Women in peril is a common theme in fiction. Crafting storylines about damsels in distress has long been a trope in the thriller genre.
That theme dominated the subject matter of pulp fiction way back in the twentieth century. A broad hint of the plot within those paperback novels was provided by the cover art: garish color images of attractive young women, invariably bound, eyes wide with terror, popping out of a form-fitting dress (usually red).
From our contemporary perspective, were those women-in-peril stories lurid? Absolutely. Did they objectify women? Most certainly. But the market for those stories didn’t end with pulp novels. It still exists in fiction, nonfiction, films, and television.
It’s easy to understand why the trope has come under criticism. Serving up women’s suffering as entertainment, with detailed descriptions of rape, torture, and murder, is indefensible. Because of that, some maintain that writers should desert the plot device of women in peril and that authors should only create thrillers in which women suffer no violence, danger, or ill-treatment.
I understand the argument, in principle. As a lifelong feminist (and my life is so long that I qualify for Medicare), I find the oppression of women intolerable. But to ban the issue in fiction?
I’m not down for that.
I write legal thrillers. Most of the books I’ve written center around a woman whose life or safety is in jeopardy, generally inspired by actual crimes committed in the Ozarks, where I live. And the reason why I write these stories is simple.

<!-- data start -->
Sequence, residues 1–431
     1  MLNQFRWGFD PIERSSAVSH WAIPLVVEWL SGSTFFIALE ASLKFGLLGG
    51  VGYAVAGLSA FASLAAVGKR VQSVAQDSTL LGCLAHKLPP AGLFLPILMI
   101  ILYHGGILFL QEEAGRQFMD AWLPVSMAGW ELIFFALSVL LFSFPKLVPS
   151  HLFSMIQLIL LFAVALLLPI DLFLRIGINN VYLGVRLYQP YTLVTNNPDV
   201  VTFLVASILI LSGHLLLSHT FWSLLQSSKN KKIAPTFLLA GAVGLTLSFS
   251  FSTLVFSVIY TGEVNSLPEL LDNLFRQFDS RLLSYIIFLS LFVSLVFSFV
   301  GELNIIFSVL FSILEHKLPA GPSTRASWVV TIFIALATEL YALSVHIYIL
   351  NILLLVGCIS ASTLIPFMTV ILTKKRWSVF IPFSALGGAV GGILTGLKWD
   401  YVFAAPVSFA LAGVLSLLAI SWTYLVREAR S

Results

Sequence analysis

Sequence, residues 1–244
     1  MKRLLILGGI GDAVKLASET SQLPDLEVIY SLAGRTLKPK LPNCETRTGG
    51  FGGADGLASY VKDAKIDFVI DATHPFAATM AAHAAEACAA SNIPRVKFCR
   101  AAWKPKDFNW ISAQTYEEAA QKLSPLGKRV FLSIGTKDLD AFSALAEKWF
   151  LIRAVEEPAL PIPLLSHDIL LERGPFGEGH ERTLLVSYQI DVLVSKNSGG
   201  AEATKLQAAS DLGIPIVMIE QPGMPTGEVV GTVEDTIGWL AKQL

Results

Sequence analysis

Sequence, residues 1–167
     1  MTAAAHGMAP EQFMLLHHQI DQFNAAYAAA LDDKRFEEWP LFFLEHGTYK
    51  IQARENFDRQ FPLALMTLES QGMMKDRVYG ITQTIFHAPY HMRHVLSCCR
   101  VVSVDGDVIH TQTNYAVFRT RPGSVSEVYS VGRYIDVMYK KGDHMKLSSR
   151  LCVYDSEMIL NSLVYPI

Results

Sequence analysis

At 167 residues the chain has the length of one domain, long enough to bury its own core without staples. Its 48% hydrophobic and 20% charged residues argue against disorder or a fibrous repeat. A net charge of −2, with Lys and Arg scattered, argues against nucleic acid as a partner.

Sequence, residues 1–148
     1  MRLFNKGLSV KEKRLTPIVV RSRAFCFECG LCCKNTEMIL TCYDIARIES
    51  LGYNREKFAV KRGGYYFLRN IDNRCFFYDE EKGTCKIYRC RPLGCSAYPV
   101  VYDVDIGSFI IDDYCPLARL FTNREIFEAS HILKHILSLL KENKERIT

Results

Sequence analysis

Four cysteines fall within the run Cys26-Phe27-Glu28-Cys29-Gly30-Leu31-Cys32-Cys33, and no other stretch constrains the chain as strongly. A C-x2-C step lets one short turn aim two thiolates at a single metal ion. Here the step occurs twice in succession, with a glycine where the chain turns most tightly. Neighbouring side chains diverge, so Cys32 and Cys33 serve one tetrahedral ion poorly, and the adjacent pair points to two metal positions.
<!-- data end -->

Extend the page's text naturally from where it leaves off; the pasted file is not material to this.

Women are in peril here.
I address crimes against women and the social issues that contribute to those crimes. I do it because I’m passionate about the issue.
When I graduated from law school in 1980, I returned to my hometown as one of the first handful of women practicing law in Southern Missouri and the only woman in felony prosecution. I was assigned sex cases and crimes against women and children. It was a brutal education. My hometown of Springfield, “the Queen City of the Ozarks,” has the highest incidence of domestic violence in the state, and per capita, Missouri has the second highest rate of men killing women in the U.S. Our county seat has the highest incidence in Missouri of sex crimes, of child abuse and neglect, and of sexual offenses involving children.
So I don’t approve of a movement to ban writing about abuse of women. Because the reality of the violence is occurring in my own backyard, and ignoring that reality is a disservice to those who suffer. Novels can inform the reader about social ills. The legal thriller genre can shine a light on the criminal justice system and illuminate the challenges women face when seeking aid from law enforcement and the courts.
Rather than eliminate women in jeopardy from fiction, I prefer to applaud authors who do it right. We can find stories that don’t serve up a frightened, abused female as a plot device to inspire male characters to heroics. It’s gratifying to read a thriller in which the resolution is accomplished either by the victim herself or with the assistance of other women coming to the rescue.
These five titles fit the bill.